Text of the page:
THUNDER BAY – Editorial – It seems that the Conservatives just can’t win. When it comes to working with First Nations, the Conservatives have, in many ways, put action to long standing verbal and written promises left over from the Liberals who preceded them in office. Yet once again they are mired in anger and frustration from First Nations leaders. Comments made by Industry Minister Tony Clement in Thunder Bay have poured gasoline on a fire that should never have been lit in the first place.
When it comes to real action, the Conservatives likely can claim more than the previous Liberal government in First Nations communities.
However they are reaping a harvest of scorn and anger for their efforts. That is likely more a result of not communicating well with the wider audience of First Nations members or with their leadership.
The Conservatives would say it was Prime Minister Stephen Harper who issued an apology over the Residential Schools issue. The Liberals never did. It was perhaps Jack Layton’s finest hour in the minority parliament, but the former NDP leader and the Prime Minister were able to work together to make that apology happen.
Bluntly, it was a moment in a very partisan parliament where almost every member, save Pierre Poilievre an Ottawa MP who declared basically that Aboriginals should “engender the values of hard work and independence and self reliance”, rather than need compensation for the horrors inflicted on them in the residential schools were united in a cause. It was a positive moment that should have helped re-set the relationship.
Poilievre quickly apologized but the damage was already done. Words are a powerful weapon when used as swords.
The speed of progress on the Truth and Reconciliation process is frustrating many. The Conservatives could say things are certainly moving faster now than under any previous government, but that message isn’t being received.
The Conservatives were offered a golden opportunity in the Ontario community of Attawapiskat. Attawapiskat had been promised a school by the Liberals. That promise was made by then Kenora MP Robert Nault, after a diesel spill made the old school virtually a health and safety risk. The Liberal promise was made, and basically ignored for years.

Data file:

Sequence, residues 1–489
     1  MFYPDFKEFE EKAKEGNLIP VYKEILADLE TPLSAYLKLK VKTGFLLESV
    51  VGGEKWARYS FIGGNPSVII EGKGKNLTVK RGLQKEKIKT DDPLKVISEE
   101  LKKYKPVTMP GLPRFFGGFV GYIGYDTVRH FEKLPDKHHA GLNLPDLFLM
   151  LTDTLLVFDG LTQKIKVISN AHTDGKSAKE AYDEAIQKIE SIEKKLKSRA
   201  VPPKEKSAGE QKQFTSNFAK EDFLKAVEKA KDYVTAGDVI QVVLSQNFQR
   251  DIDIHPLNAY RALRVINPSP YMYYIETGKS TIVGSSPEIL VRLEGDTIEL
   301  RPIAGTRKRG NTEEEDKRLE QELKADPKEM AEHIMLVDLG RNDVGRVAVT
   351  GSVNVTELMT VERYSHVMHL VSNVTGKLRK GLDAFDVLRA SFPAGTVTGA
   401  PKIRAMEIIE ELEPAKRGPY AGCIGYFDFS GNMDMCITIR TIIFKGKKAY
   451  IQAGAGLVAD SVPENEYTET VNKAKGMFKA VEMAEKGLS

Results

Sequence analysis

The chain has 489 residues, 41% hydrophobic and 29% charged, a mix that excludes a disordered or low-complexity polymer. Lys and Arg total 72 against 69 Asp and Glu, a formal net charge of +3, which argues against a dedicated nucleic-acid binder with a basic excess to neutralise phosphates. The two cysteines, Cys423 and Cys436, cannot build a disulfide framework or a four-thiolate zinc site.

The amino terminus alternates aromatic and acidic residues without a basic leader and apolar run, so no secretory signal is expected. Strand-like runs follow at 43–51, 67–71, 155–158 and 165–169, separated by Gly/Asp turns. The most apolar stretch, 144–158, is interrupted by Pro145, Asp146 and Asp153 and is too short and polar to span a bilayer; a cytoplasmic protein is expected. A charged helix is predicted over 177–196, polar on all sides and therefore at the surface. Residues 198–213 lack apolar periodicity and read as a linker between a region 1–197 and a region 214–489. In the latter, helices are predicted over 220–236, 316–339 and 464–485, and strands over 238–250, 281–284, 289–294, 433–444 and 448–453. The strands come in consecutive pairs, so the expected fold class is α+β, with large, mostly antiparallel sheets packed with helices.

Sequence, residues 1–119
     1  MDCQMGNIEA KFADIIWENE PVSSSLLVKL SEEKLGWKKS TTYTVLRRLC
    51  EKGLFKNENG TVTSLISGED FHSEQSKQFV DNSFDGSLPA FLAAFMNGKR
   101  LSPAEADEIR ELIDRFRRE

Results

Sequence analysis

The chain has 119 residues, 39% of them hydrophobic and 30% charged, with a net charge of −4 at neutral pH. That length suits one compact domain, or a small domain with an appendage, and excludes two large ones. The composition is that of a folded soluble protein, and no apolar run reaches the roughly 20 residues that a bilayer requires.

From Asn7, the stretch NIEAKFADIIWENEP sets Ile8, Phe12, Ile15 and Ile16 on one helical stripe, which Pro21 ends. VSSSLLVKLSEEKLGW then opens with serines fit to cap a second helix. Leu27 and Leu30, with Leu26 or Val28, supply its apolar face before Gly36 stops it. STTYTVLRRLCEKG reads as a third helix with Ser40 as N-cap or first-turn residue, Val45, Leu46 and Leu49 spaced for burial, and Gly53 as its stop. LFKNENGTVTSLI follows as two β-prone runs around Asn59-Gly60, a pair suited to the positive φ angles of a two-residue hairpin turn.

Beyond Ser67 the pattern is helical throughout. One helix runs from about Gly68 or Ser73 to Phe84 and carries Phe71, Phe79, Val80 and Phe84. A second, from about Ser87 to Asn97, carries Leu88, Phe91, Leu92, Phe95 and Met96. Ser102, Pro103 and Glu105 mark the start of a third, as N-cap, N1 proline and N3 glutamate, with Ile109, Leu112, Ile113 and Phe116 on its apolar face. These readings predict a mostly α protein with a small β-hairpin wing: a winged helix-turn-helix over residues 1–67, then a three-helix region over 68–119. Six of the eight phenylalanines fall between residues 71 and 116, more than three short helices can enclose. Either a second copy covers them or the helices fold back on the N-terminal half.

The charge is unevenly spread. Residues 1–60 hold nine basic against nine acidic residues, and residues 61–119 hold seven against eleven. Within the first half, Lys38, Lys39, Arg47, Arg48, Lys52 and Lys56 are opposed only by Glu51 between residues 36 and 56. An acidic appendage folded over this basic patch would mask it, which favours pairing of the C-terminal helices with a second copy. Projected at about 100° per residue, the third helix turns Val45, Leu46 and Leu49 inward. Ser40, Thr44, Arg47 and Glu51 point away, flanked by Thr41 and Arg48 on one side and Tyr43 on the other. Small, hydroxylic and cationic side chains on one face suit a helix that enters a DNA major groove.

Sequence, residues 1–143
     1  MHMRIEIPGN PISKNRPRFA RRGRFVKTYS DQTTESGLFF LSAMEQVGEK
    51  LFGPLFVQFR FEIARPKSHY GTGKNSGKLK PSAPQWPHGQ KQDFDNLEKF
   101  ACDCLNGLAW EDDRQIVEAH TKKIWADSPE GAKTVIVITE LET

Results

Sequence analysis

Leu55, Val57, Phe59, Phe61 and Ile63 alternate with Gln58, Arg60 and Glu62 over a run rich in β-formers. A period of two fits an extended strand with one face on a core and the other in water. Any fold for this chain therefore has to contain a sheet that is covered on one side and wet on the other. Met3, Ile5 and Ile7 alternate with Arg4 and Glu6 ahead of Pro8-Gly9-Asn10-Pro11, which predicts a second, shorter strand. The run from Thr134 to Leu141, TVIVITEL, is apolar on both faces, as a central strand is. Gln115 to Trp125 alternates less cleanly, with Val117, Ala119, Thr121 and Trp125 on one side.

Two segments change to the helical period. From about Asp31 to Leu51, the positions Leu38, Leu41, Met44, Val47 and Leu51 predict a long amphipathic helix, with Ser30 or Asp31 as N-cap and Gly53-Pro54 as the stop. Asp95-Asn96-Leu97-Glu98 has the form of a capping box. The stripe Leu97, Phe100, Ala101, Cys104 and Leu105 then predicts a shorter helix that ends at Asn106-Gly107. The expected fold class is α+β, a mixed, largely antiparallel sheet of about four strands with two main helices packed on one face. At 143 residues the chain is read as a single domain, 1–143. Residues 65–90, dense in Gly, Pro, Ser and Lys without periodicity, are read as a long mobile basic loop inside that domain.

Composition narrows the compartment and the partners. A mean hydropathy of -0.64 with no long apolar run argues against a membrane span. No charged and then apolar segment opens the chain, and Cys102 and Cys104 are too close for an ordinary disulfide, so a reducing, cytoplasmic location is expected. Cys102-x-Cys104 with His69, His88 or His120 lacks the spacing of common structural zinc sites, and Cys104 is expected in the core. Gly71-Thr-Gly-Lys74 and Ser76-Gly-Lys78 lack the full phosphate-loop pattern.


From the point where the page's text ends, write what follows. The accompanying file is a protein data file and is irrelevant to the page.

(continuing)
The Conservatives are now getting set to build that school. That decision came after years of students fighting for a new school and being ignored by the Liberals. The Conservatives didn’t make the move as fast as everyone concerned might have liked, but it was made. The move came under current Aboriginal Affairs Minister John Duncan, but after First Nations youth created one of the biggest lobby efforts ever and were basically ignored by Chuck Strahl the previous Minister.
That golden opportunity to move forward was slowed by apparent hamfisted partisanship? Think of it, where in Canada are students rallying to have a school built? Nowhere? You might be right.
On the area of education on First Nations, the Conservatives voted for an NDP motion on Shannen’s Dream. The have opened the door for action. It is now up to the government to demonstrate real action on that motion, and they could generate enormous good will.
Concerns over high prices for food in the North led the Conservatives to re-design the Northern Food program. It has opened up change and with some tweaking will change the process of food pricing in Northern Ontario. Again an opportunity for solid communications and building solid relationships could be made.